Shows & Panels
- The 2014 Big Picture on Cyber Security
- AFCEA Answers
- Ask the CIO
- Building the Hybrid Cloud
- Connected Government: How to Build and Procure Network Services for the Future
- Continuing Diagnostics and Mitigation: Discussion of Progress and Next Steps
- Federal Executive Forum
- Federal Tech Talk
- The Future of Government Data Centers
- The Future of IT: How CIOs Can Enable the Service-Oriented Enterprise
- Government Perspectives on Mobility and the Cloud
- The Intersection: Where Technology Meets Transformation
- Maximizing ROI Through Data Center Consolidation
- Mitigating Insider Threats in Virtual & Cloud Environments
- Modern Mission Critical Series
- Moving to the Cloud. What's the best approach for me
- Navigating Tough Choices in Government Cloud Computing
- The New Generation of Database
- Reimagining the Next Generation of Government
- Satellite Communications: Acquiring SATCOM in Tight Times
- Targeting Advanced Threats: Proven Methods from Detection through Remediation
- Transformative Technology: Desktop Virtualization in Government
- The Truth About IT Opex and Software Defined Networking
- Value of Health IT
- Air Traffic Management Transformation Report
- Cloud First Report
- General Dynamics IT Enterprise Center
- Gov Cloud Minute
- Government in Technology Series
- Homeland Security Cybersecurity Market Report
- National Cybersecurity Awareness Month
- Technology Insights
- The Cyber Security Report
- The Next Generation Cyber Security Experts
Shows & Panels
Search Tags: Cato Institute
Wikipedia, for all its faults, is supposed to give fair and unbiased information. Only objective experts are supposed to have access to its articles for editing. So, why would someone want congressional staff members to come anywhere near Wikipedia? Cato Institute Senior Fellow Jim Harper joined Tom Temin on the Federal Drive with a list of good reasons.
The U.S. cannot be the world's policeman. But it can advise, train and equip friendly nations facing conflicts of their own. It's doing that in Iraq right now, in the country's fight against the military group ISIS. And it's doing that in Nigeria, where hundreds of schoolgirls remain missing. This type of defense aid will be pondered, debated and questioned at an event today hosted by the Cato Institute. Visiting Research Fellow Jennifer Keister joined Emily Kopp on the Federal Drive to talk about the event she is moderating today.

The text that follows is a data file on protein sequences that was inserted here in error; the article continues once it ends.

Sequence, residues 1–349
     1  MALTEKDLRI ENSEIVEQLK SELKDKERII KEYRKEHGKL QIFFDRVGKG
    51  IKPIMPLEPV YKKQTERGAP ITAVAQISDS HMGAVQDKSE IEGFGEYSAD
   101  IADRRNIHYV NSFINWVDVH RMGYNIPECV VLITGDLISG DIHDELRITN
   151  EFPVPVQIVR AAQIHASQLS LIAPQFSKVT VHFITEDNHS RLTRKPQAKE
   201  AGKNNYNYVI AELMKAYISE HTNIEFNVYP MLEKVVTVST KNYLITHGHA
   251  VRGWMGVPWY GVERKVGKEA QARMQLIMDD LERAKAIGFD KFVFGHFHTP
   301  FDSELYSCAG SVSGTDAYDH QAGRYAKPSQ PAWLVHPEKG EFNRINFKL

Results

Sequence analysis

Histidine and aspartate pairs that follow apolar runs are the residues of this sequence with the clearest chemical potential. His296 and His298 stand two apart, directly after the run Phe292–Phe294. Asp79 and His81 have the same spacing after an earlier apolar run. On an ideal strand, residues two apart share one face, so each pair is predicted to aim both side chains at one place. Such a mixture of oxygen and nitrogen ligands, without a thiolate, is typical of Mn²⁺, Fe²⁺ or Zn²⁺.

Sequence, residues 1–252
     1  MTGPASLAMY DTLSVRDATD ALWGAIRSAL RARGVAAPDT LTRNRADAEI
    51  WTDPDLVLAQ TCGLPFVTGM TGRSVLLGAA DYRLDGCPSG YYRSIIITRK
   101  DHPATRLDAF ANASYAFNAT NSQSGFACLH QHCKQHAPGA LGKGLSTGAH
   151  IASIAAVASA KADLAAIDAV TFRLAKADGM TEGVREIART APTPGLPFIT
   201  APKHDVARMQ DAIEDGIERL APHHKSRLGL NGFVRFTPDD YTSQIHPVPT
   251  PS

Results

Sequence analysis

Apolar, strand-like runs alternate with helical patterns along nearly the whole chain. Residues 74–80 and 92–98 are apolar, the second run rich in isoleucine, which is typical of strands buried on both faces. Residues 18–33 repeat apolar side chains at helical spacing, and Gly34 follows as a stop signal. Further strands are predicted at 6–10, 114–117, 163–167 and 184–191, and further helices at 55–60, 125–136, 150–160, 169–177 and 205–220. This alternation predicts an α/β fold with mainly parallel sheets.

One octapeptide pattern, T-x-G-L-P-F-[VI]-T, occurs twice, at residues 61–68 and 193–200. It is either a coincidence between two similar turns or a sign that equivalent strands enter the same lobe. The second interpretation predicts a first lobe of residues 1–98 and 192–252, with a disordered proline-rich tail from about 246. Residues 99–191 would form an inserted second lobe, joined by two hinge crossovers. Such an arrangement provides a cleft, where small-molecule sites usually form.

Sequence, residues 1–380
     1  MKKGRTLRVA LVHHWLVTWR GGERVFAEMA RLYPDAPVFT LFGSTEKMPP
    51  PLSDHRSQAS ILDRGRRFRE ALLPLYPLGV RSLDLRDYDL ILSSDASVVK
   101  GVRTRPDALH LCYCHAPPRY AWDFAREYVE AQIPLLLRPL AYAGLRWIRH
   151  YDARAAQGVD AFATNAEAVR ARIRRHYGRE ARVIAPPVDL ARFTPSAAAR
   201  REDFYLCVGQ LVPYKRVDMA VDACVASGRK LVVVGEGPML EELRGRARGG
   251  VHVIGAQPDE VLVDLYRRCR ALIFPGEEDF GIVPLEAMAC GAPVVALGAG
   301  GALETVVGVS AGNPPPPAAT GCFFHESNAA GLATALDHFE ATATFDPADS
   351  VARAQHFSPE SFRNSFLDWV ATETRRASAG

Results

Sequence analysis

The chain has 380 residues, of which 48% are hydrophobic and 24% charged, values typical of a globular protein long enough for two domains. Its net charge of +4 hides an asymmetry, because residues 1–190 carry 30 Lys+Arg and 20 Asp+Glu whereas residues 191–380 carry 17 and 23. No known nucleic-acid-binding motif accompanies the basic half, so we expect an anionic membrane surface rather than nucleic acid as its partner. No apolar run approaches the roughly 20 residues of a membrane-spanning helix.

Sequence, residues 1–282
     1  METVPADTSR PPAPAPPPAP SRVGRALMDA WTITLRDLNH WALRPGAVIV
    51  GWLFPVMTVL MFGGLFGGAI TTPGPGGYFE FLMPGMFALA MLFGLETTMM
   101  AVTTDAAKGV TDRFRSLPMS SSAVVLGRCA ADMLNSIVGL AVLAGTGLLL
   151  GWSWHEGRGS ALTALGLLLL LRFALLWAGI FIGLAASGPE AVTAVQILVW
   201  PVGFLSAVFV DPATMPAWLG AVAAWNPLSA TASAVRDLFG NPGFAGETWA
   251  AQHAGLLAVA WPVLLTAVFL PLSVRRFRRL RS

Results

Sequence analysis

Sen. Tom Coburn told the House Oversight and Government Reform Committee Thursday that Congress isn't doing its job and that's the root cause of much of the waste in government. Rep. Darrell Issa promised to work with Coburn and Sen. Tom Carper on legislation to reduce overlapping programs.
Tags: management , OMB , White House , Congress , House Oversight and Government Reform Committee , Darrell Issa , Tom Coburn , GAO , program duplication , Senate Homeland Security and Governmental Affairs Committee , Brandon Arnold , National Taxpayers Union , Chris Edwards , Tom Schatz , Citizens Against Government Waste , Jason Miller
On the In Depth show blog, you can listen to the interviews, find more information about the guests on the show each day and links to additional resources. Across-the-board mandatory cuts have a lot of people on edge, especially those who work closely with the Defense Department. Across-the-board mandatory cuts have a lot of people on edge. But some of the rhetoric could be overblown, says Benjamin Friedman, a research fellow in defense and homeland security studies at the Cato Institute.
Benjamin Friedman, a CATO Institute research fellow, said sequestration prevents intelligent spending cuts, but that doesn't necessarily mean DoD lacks room to make smarter ones.
Dr. Sonja Batten, deputy chief for specialty mental health, Veterans Affairs Department, discusses the VA's plans to hire 2,000 mental health professionals and support staff. Rep. James Lankford (R-Okla.) talks about two bills aimed at reducing the number of duplicative government programs.
Jim Harper, senior policy analyst at the conservative Cato Institute, says that some of the cybersecurity bills Congress is considering are overreaching and may be unnecessary in the long run.
The U.S. military in Afghanistan has been compromised by the leak of thousands of documents. Those who have been put in the most danger are Afghan civilians who are helping to U.S. campaign.